Tuesday, December 9, 2014

From the Things You Should Really Know About Dept.: Leviathan Ages

This year when I attended the H.P. Lovecraft Film Festival in Portland I had the opportunity to watch many excellent films, but none of them stood out as much as a barely three and a half minute piece called Leviathan Ages. The brainchild of Jon Yeo, The film creates a world where the post-industrial and the timeless collide. Ancient entities rise at the beckoning of their emperor, and all involved fulfill their roles at the end of an era. A spoken word piece is the only narrative throughout the film, and further solidifies the tone of the film that is both apocalyptic and regenerative all at once.

I had the opportunity to ask Jon some questions about Leviathan Ages, and he was kind enough to indulge me.

Some of the elements of Leviathan Ages seem Asian and Mesoamerican in nature. Were there any particular mythologies that inspired you?

Jon: It’s partly an open love letter to Shadow of the Colossus, possibly my all time favourite PlayStation game.  But I do have an interest in the visuals of religious sculpture from throughout human history, ancient to modern. I’m not religious at all, but I find the imagery from all religions pretty fascinating. Maybe it’s from my graphic design roots, the idea that you can distill a huge concept into an image or an  object in such a powerful way. That’s what interest me about idols, statues and carvings. I enjoy the design of mythological concepts, it’s character design. But I love the design of fictional mythologies too, in sci-fi / fantasy films and games.

 I’m also particularly taken with remnants from ancient lost civilisations, especially decrepit heads and faces. They look like they are sat motionless watching wave after wave of human tide wash in and out in front of them, for hundreds of years. I think we would see ourselves differently from their point of view.

What do you see as the relationship between the beings in Leviathan Ages and the modern age?

Jon: They are meant as allegorical. We see the central character resurrect nine of his predecessors, they bring the destruction of his era. At the end he has become one of them, like a repeating cycle. It’s a basic reflection on how we make the same mistakes over and over again. Often this is because we lack the observational perspective of deep time, we are not here for long.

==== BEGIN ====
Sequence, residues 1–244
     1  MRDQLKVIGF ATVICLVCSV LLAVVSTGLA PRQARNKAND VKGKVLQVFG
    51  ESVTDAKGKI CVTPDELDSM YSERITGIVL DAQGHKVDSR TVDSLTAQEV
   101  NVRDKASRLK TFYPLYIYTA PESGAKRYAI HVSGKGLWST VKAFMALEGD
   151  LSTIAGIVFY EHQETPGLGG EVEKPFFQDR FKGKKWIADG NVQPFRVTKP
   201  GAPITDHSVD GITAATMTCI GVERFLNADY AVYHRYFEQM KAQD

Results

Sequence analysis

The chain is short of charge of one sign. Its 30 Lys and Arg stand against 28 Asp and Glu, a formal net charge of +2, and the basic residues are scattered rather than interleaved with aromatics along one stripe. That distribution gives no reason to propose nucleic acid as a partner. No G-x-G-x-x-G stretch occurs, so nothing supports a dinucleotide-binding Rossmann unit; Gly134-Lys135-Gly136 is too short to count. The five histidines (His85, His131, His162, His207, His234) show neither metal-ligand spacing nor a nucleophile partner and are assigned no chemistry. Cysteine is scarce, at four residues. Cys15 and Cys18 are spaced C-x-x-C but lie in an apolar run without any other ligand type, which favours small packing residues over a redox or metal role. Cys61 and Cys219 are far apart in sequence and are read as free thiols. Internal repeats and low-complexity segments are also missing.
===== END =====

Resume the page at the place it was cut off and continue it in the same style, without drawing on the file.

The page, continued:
Can you talk a little about what inspired the poem read during the film?

Jon: The idea behind this was to create a thread across the whole film that could mimic a hymn, prayer, song or mantra. Also it could be something which fed the viewer just enough stimulus to interpret meanings in their own way, to give the right tones and moods without being too explicit or obvious.

 How much experience did you have with film making and CG going into making Leviathan Ages?
Jon:I work mainly in commercials, and I’ve been doing that for years. It involves shooting live action and lots of VFX. Indie film making is something I do very occasionally when I can fit it in. I dearly wish I could do more, I’ve got loads of ideas which will never escape my brain.

 What was the most challenging part of making the film?

Jon: Making the film was the hardest part of making the film. I had the initial basic idea in 2010. I started designing and sketching it out in 2011. We finished the film in 2013. Everything was against the odds.

I saw Leviathan Ages at the H.P. Lovecraft film festival this year and was absolutely enthralled by it. How has its reception been overall?
Jon: You are one of the few!

 The most common reaction is “It looks nice but there’s no story”. Which I think is a shame, but I understand why most people find it hard to grasp. I think with film people expect three acts, a protagonist, an antagonist and a mcguffin.

 I enjoy regular traditional dramatic narrative, but I’m just not interested in exploring that in my own personal work. I enjoy the interpretation you can indulge in with other media. With a song, a painting or a poem the author need not be obvious. They can be oblique and abstract. They often allow you to be carried away on a mood and a tone, and it’s as much about what you bring to it yourself. I’m interested in how a short can operate in the same way. It means I’m marginal, but I’m OK with that.

The full film and information about it can be found at the official website. Jon's other work can be seen at his personal website.